Well, I got through sorting out all of the major furniture. Everything makes some “sense” now in the new house. All that remains are boxes here and there – and there are still quite a few.
But the weekend is approaching, and it is starting to look like our home. Having again had enough of unpacking late yesterday (and while the Mrs. was once more away in Lisbon on business for two nights), I decided to pull out the DVD of all DVDs: Casablanca. (I know, I’m a devil when home alone!)
We have learned that Star Trek’s “Sulu” is to be “re-imagined” as gay. Believing that to be “right…for our times,” Guardian writer Ryan Gilbey is clearly pleased by that writers’ decision. Interestingly, however, LGBT activist, and original “Sulu” actor, George Takei, is clearly not:
Tom Cruise playing the “Jack Reacher” character infuriated many devoted readers of the book series. I know about this mostly based on what I’ve read about the controversy. Also my wife loves those novels, and she explained why he wouldn’t have been her “first choice” for “Reacher” when she’d read initially that it was to be Mr. Cruise in the role.
The biggest (no pun intended) complaint regularly seen is that the relatively diminutive real-life Mr. Cruise in no way resembles “Reacher.” The character is apparently nearly 7 ft tall and consists of pure muscle. Some on “social media” were quick to point that out:
Yet in fairness to any filmmaker, casting a “superman” is always a challenge. When a fictional character is outlandish, trying to locate a human actor who largely resembles him/her on the pages, let alone one who can also ACT well enough, is naturally not easy. Making that task even tougher is when it’s also supposed to be the STAR of the potential film, for it’s then suddenly necessary also to try to find one from among a very small pool of actor possibilities who will hopefully also FILL cinemas.
What writers do odd-habits-wise. All have their foibles. For example, I’ve read one who noted that while writing she keeps pictures of her characters pinned to the wall in front of her.
I usually listen to music. Writing the Atlantic Lives novels, I [re]played lots of 1980s-90s music. Hearing the likes of Roxette once more helped me move my mind back to that era.
I’m leaving Dad’s today and returning for a few days to my “hermit-life” in the Catskills. Before I came down here (to Pennsylvania) I’d been rewatching John Adams, the 2008 HBO miniseries about one of America’s founding fathers. The other day I was particularly caught by the music used in the balloon ascent over Paris scene, and found myself thinking, “That’s gorgeous.”
Hello from northeastern Pennsylvania! I had a good flight over to the U.S., to Newark, NJ (just across the river from Manhattan). It was – thankfully – a Boeing 787 Dreamliner, which I find a much more comfortable plane than the older 777.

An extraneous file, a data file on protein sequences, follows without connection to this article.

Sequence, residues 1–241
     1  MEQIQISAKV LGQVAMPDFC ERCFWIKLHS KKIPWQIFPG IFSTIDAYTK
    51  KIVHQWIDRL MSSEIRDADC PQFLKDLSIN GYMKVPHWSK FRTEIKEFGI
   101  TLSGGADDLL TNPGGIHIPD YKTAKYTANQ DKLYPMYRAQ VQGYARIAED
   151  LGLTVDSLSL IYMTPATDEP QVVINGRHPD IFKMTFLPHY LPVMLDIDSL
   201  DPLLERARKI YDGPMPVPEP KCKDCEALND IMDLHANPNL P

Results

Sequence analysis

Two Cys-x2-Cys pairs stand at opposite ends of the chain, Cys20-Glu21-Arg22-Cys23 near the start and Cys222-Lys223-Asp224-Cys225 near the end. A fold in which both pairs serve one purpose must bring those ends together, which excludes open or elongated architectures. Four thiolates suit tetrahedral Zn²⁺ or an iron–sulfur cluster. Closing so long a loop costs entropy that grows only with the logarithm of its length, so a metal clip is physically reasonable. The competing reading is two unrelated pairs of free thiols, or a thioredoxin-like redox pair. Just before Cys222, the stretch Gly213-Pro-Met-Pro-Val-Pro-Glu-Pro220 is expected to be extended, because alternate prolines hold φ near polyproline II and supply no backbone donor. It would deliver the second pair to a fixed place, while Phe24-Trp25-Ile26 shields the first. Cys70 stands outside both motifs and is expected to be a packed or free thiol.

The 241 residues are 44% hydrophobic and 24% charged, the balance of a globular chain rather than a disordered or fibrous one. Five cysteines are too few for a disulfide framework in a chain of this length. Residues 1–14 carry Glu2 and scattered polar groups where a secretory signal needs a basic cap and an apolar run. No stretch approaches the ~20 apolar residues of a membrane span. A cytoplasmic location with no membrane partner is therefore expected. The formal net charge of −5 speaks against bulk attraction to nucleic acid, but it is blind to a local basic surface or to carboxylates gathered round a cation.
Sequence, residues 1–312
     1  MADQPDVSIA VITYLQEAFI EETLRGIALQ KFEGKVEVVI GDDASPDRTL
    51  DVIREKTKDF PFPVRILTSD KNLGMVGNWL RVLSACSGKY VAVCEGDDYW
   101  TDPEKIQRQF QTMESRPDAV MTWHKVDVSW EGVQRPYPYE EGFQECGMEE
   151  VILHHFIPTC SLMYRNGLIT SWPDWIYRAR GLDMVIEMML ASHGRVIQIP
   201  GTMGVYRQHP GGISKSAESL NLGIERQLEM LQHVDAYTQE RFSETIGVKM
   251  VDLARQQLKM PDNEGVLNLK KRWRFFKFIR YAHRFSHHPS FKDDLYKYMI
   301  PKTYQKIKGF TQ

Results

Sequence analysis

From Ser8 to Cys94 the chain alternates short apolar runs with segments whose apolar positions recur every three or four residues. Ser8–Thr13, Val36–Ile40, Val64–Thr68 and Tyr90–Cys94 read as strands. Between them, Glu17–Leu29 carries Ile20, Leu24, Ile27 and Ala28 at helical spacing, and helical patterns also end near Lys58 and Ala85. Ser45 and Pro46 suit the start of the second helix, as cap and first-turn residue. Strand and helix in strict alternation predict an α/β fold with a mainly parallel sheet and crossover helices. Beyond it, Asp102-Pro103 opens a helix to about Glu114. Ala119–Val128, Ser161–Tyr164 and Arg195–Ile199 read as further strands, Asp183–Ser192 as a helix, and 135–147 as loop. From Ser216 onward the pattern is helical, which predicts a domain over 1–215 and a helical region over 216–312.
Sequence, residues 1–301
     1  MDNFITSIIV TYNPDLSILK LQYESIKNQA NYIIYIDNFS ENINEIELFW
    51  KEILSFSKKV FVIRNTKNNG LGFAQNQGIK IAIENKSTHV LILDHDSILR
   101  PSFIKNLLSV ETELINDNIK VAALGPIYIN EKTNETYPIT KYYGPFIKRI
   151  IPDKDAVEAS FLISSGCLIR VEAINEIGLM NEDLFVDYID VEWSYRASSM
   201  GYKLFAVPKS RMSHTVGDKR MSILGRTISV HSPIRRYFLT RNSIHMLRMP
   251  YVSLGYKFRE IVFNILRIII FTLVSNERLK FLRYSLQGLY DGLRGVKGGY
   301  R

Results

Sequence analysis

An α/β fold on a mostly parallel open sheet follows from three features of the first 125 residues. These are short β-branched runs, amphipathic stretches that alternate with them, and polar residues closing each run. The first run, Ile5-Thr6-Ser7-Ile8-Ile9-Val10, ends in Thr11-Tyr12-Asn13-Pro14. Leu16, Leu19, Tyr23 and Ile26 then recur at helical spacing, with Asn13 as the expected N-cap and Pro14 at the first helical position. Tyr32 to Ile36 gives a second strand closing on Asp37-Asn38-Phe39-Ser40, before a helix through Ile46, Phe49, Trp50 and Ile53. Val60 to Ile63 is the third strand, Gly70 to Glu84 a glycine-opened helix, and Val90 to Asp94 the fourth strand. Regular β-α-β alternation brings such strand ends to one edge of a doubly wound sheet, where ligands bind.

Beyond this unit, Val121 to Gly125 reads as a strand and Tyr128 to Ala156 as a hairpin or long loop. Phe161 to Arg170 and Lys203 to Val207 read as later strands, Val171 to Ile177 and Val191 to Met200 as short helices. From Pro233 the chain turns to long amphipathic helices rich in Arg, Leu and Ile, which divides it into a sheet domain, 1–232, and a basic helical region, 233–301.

The one disappointment aboard were the movies weren’t a great choice. Knowing the visit to my dad’s might be a bit depressing, I thought I needed a laugh. I ended up going with a retread from YEARS ago. (So far so good, though. Dad’s been in a great mood.)
Yes, mid-Atlantic I actually watched the original Bridget Jones’s Diary, from 2001. If you’ve seen it, in spots it’s still hilarious. If you haven’t, and are reading this blog, you might enjoy it.
“Remember,” my (now late) mother lectured me some years ago, “Billy Joel said it best.”
“Huh,” I recall replying, “I’m afraid to ask about what. Something about Italian restaurants?”
He being another “real” New Yorker – and particularly a Long Islander – and not much younger than herself, my mother loved Joel’s music. [Full disclosure, I like him, too.] She paused after I’d questioned her. Suddenly, she looked puzzled.
Some Sunday morning pop music fun. Friends of ours – the husband, specifically – outside of Bristol have a huge collection of old LPs and 45s dating back many decades. We arrived at their house yesterday evening to find Frank Sinatra greeting us on their record player:
Caught up in writing and other life matters, I had somehow totally missed promos for this new BBC series. I learned of its existence only last night just after the opening episode was underway on BBC 2. So I didn’t see it:
I had just gotten back from Luton Airport with the Mrs when I happened to stumble on it mentioned on Twitter. Initially glimpsing only that it was called Versailles and centered around Louis…. briefly my heart sank. “Oh, no,” I thought, “my novel?”
Last night, the BBC’s “Grand Tours of Scotland” series focused on women travelers. It included a look at walking in the countryside and even took us to Gretna Green – where couples still “run off” to for marriage. It also briefly reviewed the time when women did not normally travel alone because they usually weren’t allowed to.
At one point, the presenter shared how 19th century women needed male chaperones, and in explaining that did so including a clear inference at how unnecessary and sexist that was, a “need” concocted by men purely to keep women in their place.